BCS Champtionship, Coach Helfrich, coach kelly, communication, communications strategy, Oregon Athletic Program, Oregon football, Rose Bowl, strategic communications, strategic messaging, The University of Oregon, Win The Day
Win the day. It was a message that previous Oregon Head Football Coach Chip Kelly introduced in 2007. The message was simple: Don’t think about tomorrow or next week, think about this play, this down, this game, right here, right now.
After that motto was introduced, the Ducks went on to four bowl games in four years, including three Rose Bowls and one BCS Championship. As Doctor Phil would say, “How’s that working for you?” I think everyone would agree that it was working pretty darn well. This motto became more than just a motto, it became a mindset. This was evident not only on the scoreboard, but on and off the field. This could be seen in how the team practiced. Win this bench press. Win this sprint. Win this practice. When interviewed about next week’s game, both coaches and players refocused the interview on the game at hand and refused to talk about anything else. They were drinking the kool-aid and so were the fans.
Last year when Coach Kelly left (no, I’m still not over it) and Offensive Coach Mark Helfrich became Oregon’s Head Coach, Duck Nation was assured that the focus would remain the same. But now with two losses, one to Stanford and the other yesterday to Arizona, the Ducks have suffered a long and painful fall from their previous #2 standings in the BCS Rank. Who knows which bowl game we’ll go to this year, if we do at all. So what happened?
My theory is: An unbelief in the message.
Not only does messaging matter, it matters how it’s communicated and ultimately whether people buy into it. This is true for any corporation, organization or even for a football team.
See, the message didn’t go away with Coach Kelly. It remained. What changed was how it was communicated and the team’s belief in it.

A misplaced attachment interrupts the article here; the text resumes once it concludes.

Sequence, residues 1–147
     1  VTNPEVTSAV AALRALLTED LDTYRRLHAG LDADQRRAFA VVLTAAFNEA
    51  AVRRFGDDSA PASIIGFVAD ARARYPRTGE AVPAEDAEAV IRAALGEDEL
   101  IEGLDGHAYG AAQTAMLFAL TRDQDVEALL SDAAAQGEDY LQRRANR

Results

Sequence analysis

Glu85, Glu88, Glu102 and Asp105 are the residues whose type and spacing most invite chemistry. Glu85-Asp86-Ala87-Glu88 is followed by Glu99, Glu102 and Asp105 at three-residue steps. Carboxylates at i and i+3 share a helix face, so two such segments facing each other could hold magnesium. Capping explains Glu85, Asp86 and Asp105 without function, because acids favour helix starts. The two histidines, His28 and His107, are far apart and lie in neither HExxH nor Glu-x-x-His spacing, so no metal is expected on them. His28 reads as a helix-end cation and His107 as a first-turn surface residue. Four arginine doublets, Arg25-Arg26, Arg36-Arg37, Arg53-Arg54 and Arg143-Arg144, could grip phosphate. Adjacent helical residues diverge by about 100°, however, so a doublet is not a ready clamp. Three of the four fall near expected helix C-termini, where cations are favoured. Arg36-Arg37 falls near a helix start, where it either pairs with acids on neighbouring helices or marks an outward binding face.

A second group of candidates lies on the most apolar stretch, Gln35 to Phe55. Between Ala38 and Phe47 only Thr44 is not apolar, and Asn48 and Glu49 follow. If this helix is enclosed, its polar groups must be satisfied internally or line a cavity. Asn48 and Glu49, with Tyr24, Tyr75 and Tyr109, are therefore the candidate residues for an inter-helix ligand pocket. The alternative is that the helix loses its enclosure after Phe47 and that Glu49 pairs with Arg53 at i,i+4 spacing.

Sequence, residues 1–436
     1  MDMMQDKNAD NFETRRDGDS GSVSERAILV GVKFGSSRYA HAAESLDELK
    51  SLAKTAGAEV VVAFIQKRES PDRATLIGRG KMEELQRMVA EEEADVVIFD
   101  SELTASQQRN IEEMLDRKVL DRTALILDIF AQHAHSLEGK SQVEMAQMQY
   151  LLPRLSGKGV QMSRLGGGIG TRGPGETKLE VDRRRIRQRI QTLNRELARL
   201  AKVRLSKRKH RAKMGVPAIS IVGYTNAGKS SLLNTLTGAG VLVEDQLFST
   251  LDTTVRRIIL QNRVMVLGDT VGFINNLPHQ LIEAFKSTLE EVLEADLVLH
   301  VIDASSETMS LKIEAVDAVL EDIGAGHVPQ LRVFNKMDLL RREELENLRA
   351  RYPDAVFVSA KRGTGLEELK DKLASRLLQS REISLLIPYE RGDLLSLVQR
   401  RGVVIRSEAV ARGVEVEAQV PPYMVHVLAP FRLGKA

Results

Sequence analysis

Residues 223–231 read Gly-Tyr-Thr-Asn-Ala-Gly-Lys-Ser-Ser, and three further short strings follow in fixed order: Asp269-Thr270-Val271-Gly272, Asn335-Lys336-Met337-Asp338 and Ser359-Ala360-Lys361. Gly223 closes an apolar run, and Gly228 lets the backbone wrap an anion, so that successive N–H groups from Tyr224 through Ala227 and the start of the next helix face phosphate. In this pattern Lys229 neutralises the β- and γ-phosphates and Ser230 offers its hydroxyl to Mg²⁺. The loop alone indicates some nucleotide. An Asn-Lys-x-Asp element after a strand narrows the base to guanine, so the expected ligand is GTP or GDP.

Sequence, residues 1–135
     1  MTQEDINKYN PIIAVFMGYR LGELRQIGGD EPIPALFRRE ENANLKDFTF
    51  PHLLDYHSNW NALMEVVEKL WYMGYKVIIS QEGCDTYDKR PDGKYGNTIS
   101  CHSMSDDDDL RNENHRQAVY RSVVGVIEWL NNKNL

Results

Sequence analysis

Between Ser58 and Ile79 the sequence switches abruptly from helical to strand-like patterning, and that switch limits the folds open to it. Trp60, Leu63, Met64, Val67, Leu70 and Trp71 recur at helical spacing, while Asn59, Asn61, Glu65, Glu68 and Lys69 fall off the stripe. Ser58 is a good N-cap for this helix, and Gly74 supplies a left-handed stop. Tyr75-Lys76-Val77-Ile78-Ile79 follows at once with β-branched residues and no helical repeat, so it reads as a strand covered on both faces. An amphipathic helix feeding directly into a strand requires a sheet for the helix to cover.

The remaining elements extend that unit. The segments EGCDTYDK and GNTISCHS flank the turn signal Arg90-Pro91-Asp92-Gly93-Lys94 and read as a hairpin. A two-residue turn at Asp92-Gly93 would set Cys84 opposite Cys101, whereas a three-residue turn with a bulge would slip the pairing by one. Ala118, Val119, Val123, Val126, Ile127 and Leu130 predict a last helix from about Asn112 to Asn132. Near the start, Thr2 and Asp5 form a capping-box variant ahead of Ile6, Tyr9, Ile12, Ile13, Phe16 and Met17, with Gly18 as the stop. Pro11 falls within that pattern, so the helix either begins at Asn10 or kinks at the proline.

When interviewed for The Statesman Journal last week about USC’s win over Stanford (opening up the possibility for Oregon to play in the Rose Bowl) several Oregon players had a lot to say:
“I don’t mind playing in the Rose Bowl, playing for the fans and my teammates,” Oregon wide receiver, Josh Huff said. “But deep down I don’t wanna be a prep game for the national championship game. I don’t want to play in a Rose Bowl unless I’m playing for a national championship.”
“Not a big deal at all,” running back De’Anthony Thomas said. “I feel like we already won a Rose Bowl.”
It’s clear they no longer believe in the message.
It wasn’t that long ago, when the biggest dream the Ducks had was to go to the Rose Bowl. These statements are embarrassing on so many levels, but for the sake of this post, let’s focus on messaging.
These two players, Huff and Thomas, are leaders on Oregon’s offense. To have them say this publicly to the press, shows how deeply they believe these sentiments. They at one point thought this, then another time mentioned it to a teammate and before you know it, it’s locker-room talk. Then, it’s said to the press. How did the coaching staff let this mentality and ultimately this message get this far? This locker-room talk should have been shutdown immediately. Imagine what Coach Eric Taylor would have done?! It should have raised flags to the coaching staff that this message of “Win the day,” clearly wasn’t being believed or followed.
Now with all hopes of the BCS Championship and the Rose Bowl far behind in the dust, I present this question to the coaching staff: How’s this working for you?
From the ground up, the message has drifted away. It can still be seen on t-shirts, bummer sticks and on the walls of the end-zone at Autzen, but belief in it is gone. It reminds me of the Christmas movie, The Polar Express where if a child doesn’t believe in Santa, they cannot hear the ring of a sleigh bell.
The Oregon Athletic Program did a stellar job of crafting a meaningful message. One that not only motivates players, but rallies fans. But a meaningful message is useless unless proper care and attention is taken to instill that message from the ground up.
The Ducks have lost their footing and have slipped. They’ve fallen flat on their faces. Problem is that there seems to be a lack of leadership in helping them back up. While I’m disappointed in the team, I’m mostly disappointed in Coach Helfrich. The losses and these comments are simply a bubbling over of a deeper problem.
A meaningful message is pointless if it isn’t carefully executed.
While I haven’t necessarily heard this locker room conversation I mentioned, we can all plainly see the results. This doesn’t just happen overnight.
I love my Ducks and always will, but right now, I’m not sure what to expect from them. The coaches are not leading and the players are not playing like a team.
Where do we go from here?